AMELL: It’s been wonderful, every time we are given permission to bring someone like Grant [Gustin] on as Barry Allen, and then you see some of the guest stars that we’ve been able to get on our show. Getting John Barrowman was such a coup, in our first season. But then, you see on The Flash, Wentworth [Miller] and Dominic [Purcell] and Victor [Garber], and Brandon [Routh] for us, certainly. I feel like every time that happens, that’s a vote of confidence.
With the grind of this show, when do you find time to work out and keep up the physicality that this role requires?
AMELL: I wouldn’t call it a mistake, but I went so balls to the wall with the training for the pilot. The pilot was this stand-alone event, where we had 17 days to shoot one episode, I had a month to prep, and I had so much adrenaline that I was able to work out every day when we’re filming. Whereas the season is a 23-episode marathon with eight days to shoot and travel. I worked until 4 o’clock in the morning on Saturday, and then I had to travel for work yesterday and now we’re here, which is lovely, but I have to pick my spots. I have to get notice from the producers, if and when I’m going to be shirtless on the show, so that I can ramp up because I can’t go through a process where I maintain that pace of the pilot. It’s impossible.
AMELL: I’m always going to be a slave to the recent and new. I was so proud of our mid-season finale, this year. I think that the episode when Moira died, last year, was our show’s execution at its finest. I have no doubt that there will be more, towards the end of this season, and they do happen towards the end of the season because there’s just more at stake and you’re getting the opportunity to pay off more things. I have incredibly high hopes for our 14th episode, this year. I think that, if you’re a fan of the show, and have been a fan of the show from the beginning, and have been paying attention, you’re really going to enjoy that episode.
How did you enjoy getting to do the cross-over episodes?
AMELL: I think that the cross-over was a new experience. I thought that they were two of the best scripts that either show has ever put forward. The logistical elements of it were something that we had to figure out, as we moved along, but I think that everybody did a great job, and that future cross-overs will be even bigger and better and smoother.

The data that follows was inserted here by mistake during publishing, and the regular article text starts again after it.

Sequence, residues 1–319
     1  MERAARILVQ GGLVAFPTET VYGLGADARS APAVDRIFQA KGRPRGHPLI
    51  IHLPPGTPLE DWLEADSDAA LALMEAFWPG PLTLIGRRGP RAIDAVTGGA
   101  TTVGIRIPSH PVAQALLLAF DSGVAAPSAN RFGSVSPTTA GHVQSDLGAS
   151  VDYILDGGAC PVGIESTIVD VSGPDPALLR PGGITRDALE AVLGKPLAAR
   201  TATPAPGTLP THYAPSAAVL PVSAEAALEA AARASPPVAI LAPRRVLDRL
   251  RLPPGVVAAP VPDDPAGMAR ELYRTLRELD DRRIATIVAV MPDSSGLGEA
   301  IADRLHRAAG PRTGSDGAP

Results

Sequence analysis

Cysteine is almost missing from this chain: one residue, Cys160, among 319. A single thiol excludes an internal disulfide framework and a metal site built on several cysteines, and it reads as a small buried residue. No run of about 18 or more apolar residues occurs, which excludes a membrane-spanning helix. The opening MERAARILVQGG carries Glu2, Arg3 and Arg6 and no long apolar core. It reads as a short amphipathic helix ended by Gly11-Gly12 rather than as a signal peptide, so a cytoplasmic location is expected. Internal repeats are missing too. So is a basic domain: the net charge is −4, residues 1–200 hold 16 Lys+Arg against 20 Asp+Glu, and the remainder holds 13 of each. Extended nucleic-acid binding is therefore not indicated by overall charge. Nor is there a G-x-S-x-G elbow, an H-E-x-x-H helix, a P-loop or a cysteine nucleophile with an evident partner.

Would you like to see a more integrated universe between The Flash and Arrow?
AMELL: It’s fantastic! There’s just something about the chemistry between [Grant and I], and the differences between the characters, where we each get to shine a light on the other one, and I think that light is always really illuminating. So, I do hope that we get more opportunities to cross over, and I know that we will.
When The Flash debuted, you were supportive of DC giving Grant Gustin a chance at the role in the film. Now that they’ve established a separate movie and TV universe, have you made peace with that idea?
AMELL: I was always at peace with the idea. I was disappointed at the timing of the announcement. It’s not about whether or not I support Grant in the movies or me in the movies, or any of these characters in the movies, it was more just about feeling that the timing of the announcement was bad. I wasn’t mad, per se. But, I’ve spoken a lot with DC people about how having a separate universe and focusing on each of those spots being the best that they can be is just as advantageous, or possibly more so, as having to focus and worry about constantly cross-breeding or cross-pollinating everything. So, I feel fine about it. A lot of people have said, “Well, Agents of S.H.I.E.L.D. is a good show, but boy they’re just tied to the films,” and sometimes that can be a hindrance. So, I like our position.
Arrow airs on Wednesday nights on The CW.